I wish all of you a Merry Christmas, one filled with the peace and joy of Christ and one without fears or eating disorder thoughts. For those of you of other faiths, I wish you much happiness during your celebrations.


17 December 2009

For Terry

The past few weeks, I have been able to really see what grace and dignity is through a former co-worker and friend, Terry. Terry was diagnosed with terminal ovarian cancer this fall and was sent home with hospice two weeks ago. I went to see her in the hospital, and at first I was apprehensive. What would I say? What could I say?

She immediately gave me a hug and we talked about her childhood, growing up and raising two sons. She was at peace and treasured the life she had, but did not become angry or bitter because that live was being cut short.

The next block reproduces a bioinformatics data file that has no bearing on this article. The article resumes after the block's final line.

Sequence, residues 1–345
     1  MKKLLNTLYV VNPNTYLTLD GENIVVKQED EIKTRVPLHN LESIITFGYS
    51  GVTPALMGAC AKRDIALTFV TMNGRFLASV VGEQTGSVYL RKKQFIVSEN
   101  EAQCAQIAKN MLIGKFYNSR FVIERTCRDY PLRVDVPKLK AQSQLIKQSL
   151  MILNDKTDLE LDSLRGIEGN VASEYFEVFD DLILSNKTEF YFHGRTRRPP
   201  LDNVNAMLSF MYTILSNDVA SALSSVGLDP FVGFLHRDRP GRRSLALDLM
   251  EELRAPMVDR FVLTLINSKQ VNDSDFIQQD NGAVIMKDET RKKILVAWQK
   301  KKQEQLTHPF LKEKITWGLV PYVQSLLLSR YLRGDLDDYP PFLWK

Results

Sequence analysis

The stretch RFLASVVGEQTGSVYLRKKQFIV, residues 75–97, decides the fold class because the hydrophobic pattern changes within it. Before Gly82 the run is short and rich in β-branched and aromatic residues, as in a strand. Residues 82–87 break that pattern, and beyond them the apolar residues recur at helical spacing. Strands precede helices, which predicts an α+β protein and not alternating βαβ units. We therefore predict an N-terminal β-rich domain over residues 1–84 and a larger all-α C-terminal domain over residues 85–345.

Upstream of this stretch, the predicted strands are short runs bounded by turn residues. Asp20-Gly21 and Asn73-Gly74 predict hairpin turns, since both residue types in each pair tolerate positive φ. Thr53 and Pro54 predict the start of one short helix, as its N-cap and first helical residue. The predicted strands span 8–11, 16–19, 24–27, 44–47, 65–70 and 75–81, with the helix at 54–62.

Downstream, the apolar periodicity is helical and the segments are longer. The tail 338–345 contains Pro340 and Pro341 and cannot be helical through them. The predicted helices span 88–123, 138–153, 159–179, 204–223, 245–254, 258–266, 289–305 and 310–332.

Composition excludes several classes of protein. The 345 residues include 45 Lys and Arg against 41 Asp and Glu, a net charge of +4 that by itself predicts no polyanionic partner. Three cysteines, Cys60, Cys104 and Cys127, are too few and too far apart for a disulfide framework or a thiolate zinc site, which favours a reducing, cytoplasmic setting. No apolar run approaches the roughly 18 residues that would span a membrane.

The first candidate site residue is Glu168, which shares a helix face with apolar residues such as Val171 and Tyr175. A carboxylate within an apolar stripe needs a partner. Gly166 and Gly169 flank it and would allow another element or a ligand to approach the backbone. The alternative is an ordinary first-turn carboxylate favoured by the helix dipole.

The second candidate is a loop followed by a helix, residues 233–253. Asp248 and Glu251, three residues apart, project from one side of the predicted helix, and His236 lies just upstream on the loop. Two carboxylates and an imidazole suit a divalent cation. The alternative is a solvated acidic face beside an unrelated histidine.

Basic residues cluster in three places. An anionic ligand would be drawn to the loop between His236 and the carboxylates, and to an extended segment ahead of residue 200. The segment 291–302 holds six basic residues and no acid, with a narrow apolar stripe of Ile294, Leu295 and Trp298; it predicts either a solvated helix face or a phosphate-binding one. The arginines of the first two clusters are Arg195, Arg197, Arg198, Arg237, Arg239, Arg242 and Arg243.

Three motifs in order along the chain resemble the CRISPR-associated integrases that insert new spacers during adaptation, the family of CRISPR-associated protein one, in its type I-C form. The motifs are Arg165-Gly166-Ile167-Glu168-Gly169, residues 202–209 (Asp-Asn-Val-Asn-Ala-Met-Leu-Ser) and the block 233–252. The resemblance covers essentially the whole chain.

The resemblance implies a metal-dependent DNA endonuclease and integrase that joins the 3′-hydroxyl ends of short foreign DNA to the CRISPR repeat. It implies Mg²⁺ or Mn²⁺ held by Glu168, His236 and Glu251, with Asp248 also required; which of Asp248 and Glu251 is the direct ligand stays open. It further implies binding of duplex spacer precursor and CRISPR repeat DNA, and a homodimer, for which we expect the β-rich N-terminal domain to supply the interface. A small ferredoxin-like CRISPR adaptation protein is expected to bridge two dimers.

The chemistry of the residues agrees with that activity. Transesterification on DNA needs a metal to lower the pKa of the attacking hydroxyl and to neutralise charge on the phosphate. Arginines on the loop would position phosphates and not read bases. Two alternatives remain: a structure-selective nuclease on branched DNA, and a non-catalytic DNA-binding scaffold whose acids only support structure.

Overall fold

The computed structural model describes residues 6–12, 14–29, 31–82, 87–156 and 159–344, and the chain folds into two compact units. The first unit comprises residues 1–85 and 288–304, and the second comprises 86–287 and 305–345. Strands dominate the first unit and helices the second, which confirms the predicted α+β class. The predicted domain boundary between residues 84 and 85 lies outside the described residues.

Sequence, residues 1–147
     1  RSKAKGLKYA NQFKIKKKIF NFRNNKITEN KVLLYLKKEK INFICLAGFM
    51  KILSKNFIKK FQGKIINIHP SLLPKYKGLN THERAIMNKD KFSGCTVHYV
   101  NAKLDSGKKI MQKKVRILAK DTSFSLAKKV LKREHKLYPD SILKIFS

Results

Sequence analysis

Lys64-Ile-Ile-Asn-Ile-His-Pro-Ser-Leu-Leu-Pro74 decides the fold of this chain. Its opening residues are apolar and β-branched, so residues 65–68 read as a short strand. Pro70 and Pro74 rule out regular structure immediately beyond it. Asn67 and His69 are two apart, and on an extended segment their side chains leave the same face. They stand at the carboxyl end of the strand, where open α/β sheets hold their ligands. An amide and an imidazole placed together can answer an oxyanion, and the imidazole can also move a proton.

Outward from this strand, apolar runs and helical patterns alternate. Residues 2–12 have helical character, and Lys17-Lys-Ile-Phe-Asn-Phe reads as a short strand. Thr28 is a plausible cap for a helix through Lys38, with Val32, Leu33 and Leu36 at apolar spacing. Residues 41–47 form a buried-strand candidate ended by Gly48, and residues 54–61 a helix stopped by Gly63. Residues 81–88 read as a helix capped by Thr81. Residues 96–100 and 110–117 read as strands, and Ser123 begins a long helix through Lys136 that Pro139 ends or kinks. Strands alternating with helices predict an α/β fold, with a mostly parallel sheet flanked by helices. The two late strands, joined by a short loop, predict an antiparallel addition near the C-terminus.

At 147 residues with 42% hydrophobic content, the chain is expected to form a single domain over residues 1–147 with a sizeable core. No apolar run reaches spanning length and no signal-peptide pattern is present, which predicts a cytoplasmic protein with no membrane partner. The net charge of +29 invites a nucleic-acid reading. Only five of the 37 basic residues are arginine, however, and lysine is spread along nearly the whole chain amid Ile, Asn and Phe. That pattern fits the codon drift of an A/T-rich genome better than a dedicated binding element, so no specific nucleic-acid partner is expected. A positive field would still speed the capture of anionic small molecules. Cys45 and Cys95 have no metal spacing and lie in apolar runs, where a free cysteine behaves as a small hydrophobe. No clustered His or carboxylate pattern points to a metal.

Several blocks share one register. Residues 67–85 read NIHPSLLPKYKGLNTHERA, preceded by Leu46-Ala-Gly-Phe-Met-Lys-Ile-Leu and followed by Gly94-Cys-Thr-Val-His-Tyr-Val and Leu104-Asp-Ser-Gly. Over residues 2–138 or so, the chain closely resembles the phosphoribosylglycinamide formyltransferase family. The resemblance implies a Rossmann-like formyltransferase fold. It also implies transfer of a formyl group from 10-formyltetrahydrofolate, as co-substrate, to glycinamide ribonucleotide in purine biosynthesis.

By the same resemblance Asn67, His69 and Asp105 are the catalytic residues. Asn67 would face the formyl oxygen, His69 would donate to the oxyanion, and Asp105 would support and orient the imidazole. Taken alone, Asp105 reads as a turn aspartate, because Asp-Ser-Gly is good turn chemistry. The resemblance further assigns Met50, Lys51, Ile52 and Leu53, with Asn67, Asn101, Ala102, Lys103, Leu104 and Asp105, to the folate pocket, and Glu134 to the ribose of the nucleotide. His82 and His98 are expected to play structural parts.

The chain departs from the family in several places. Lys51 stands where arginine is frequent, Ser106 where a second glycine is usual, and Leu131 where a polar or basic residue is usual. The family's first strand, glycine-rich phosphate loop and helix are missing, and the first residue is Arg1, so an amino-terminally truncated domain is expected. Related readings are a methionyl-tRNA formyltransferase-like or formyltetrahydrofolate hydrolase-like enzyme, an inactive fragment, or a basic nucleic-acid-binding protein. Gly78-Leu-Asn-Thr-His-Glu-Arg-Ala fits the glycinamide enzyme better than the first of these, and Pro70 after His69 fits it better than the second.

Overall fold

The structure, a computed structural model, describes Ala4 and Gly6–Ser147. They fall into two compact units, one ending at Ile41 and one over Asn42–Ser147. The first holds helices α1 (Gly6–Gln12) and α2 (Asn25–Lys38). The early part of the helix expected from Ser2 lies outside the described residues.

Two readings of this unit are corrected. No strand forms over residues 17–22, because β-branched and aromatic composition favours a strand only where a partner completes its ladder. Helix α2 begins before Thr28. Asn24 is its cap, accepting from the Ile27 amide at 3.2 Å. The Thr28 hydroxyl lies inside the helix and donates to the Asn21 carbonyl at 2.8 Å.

Several of us arranged to sit with her for a few hours in her home while her husband went to work. I went last Thursday, and had the most wonderful, enlightening conversation of my life. I was thinking about leaving graduate school, thinking I should find a full-time job or else train for something practical and in demand, such as nursing or dental assistant. But my heart was sad, because I love English and literature and reading and books, and the thought of being able to immerse myself in those loves and possible earn a living brought an excitement to me I haven't felt in a long time. Terry must have sensed what I was thinking, because as we held hands, she said "Do what you love; that's the most important thing." She told me I was a talented writer and a good person and that I deserved to do what I loved. At that moment I decided I would return to graduate school next semester, go full-time, and give this opportunity for a new life a chance.

And when I became depressed and despondent, worried if I could make a living out of it, I kept hearing Terry's voice, "Do what you love."